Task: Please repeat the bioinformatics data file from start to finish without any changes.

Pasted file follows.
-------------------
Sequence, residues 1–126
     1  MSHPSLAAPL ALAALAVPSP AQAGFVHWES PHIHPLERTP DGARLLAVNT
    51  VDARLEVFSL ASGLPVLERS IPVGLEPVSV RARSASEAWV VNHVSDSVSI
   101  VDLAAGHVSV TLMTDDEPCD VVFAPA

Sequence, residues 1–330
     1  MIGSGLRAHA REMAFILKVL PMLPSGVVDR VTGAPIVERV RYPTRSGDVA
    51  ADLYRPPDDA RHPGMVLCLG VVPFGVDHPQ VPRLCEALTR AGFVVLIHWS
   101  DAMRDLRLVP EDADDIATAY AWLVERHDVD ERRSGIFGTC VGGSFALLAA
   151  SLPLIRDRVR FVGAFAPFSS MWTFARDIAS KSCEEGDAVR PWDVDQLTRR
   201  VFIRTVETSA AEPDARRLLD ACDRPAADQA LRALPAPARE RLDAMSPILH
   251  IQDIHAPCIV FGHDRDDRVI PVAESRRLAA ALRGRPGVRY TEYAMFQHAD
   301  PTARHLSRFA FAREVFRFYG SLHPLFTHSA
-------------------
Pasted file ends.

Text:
Sequence, residues 1–126
     1  MSHPSLAAPL ALAALAVPSP AQAGFVHWES PHIHPLERTP DGARLLAVNT
    51  VDARLEVFSL ASGLPVLERS IPVGLEPVSV RARSASEAWV VNHVSDSVSI
   101  VDLAAGHVSV TLMTDDEPCD VVFAPA

Sequence, residues 1–330
     1  MIGSGLRAHA REMAFILKVL PMLPSGVVDR VTGAPIVERV RYPTRSGDVA
    51  ADLYRPPDDA RHPGMVLCLG VVPFGVDHPQ VPRLCEALTR AGFVVLIHWS
   101  DAMRDLRLVP EDADDIATAY AWLVERHDVD ERRSGIFGTC VGGSFALLAA
   151  SLPLIRDRVR FVGAFAPFSS MWTFARDIAS KSCEEGDAVR PWDVDQLTRR
   201  VFIRTVETSA AEPDARRLLD ACDRPAADQA LRALPAPARE RLDAMSPILH
   251  IQDIHAPCIV FGHDRDDRVI PVAESRRLAA ALRGRPGVRY TEYAMFQHAD
   301  PTARHLSRFA FAREVFRFYG SLHPLFTHSA